Standard Bosnian language took shape in the 1990s and 2000s: lexically, Islamic-Oriental loan words are becoming more frequent; phonetically: the phoneme /x/ is reinstated in many words as a distinct feature of vernacular Bosniak speech and language tradition; also, there are some changes in grammar, morphology and orthography that reflect the Bosniak pre-World War I literary tradition, mainly that of the Bosniak renaissance at the beginning of the 20th century.


The name Bosnian language is a controversial issue for Croats and Serbs who also refer to as Bosniak language (bošnjački). Bosniak linguists however insist that the only legitimate name is Bosnian language (bosanski), and that that is the name that both Croats and Serbs should use. The controversy arises because the language name Bosnian implies that it is the language of all Bosnians, or of all Bosnia and Herzegovina, which also includes Bosnian Croats and Serbs. Croats and Serbs argue to use the Croatian and the Serbian, respectively.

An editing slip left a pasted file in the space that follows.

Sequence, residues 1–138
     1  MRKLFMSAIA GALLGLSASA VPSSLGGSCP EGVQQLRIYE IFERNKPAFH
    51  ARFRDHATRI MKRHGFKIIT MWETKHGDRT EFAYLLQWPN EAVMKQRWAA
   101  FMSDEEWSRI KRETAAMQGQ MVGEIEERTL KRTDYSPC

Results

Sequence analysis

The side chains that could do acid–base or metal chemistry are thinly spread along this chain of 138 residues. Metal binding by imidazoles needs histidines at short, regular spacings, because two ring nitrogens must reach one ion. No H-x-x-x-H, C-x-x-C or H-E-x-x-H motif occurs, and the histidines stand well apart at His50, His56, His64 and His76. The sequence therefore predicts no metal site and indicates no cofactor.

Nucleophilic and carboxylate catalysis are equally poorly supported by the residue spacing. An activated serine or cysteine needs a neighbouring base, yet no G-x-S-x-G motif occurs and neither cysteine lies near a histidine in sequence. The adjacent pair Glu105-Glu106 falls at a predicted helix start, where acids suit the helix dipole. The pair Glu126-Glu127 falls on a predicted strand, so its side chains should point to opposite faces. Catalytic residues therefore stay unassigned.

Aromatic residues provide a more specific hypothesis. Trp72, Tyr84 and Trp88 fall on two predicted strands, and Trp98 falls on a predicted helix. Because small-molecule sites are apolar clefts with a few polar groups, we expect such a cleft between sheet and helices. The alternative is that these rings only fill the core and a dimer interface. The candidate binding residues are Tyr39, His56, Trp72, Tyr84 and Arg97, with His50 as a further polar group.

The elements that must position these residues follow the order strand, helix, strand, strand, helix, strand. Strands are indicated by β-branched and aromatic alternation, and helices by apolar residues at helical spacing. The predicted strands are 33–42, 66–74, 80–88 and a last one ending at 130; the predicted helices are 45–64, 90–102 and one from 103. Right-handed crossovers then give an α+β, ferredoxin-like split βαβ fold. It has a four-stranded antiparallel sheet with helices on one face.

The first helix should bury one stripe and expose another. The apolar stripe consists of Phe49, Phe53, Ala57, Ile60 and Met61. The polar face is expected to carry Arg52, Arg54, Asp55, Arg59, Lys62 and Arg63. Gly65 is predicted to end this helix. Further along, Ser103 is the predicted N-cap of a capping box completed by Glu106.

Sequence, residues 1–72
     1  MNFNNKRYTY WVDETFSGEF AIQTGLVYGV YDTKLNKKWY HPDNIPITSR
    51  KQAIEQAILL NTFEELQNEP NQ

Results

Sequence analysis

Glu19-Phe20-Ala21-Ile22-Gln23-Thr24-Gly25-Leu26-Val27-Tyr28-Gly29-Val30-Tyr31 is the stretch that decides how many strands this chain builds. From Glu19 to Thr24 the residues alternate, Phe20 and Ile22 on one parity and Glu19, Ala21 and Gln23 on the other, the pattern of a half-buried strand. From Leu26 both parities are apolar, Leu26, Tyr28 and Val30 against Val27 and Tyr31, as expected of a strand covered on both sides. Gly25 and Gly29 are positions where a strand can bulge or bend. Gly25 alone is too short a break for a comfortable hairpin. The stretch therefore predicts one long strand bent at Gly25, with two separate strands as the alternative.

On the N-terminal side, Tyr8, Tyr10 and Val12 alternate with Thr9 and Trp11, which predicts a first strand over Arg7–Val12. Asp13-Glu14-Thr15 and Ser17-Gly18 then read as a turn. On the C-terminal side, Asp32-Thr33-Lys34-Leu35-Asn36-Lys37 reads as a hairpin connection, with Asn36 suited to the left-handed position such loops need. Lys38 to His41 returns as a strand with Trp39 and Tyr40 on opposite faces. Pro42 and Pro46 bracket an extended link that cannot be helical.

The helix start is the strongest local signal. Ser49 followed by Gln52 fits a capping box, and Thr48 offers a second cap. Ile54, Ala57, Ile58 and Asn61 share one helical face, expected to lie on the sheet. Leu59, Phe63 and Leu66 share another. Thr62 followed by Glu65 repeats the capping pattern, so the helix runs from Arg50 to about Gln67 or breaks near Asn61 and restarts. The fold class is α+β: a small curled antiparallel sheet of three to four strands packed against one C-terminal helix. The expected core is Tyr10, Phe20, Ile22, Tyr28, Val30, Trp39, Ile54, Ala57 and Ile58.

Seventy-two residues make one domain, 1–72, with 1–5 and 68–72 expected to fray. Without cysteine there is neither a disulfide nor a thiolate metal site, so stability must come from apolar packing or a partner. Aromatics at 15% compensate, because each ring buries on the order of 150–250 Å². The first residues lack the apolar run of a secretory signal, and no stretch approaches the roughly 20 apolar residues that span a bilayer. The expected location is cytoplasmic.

Some Croatian linguists (Zvonko Kovač, Ivo Pranjković, Josip Silić) supports the name Bosnian language. However, most Croatian linguists (Radoslav Katičić, Dalibor Brozović, Tomislav Ladan and others) hold that the term Bosnian language is the only one appropriate and that accordingly terms Bosnian language and Bosniak language refer to two different things. The Croatian state institutions, such as the Central Bureau of Statistics, use both terms - Bosniak language in the 2001 census,[14] while the census in 2011 used the term Bosnian language.[15]

Majority of Serbian linguists hold that the term Bosnian language is the only one appropriate,[16] which was agreed on already in 1990.[17]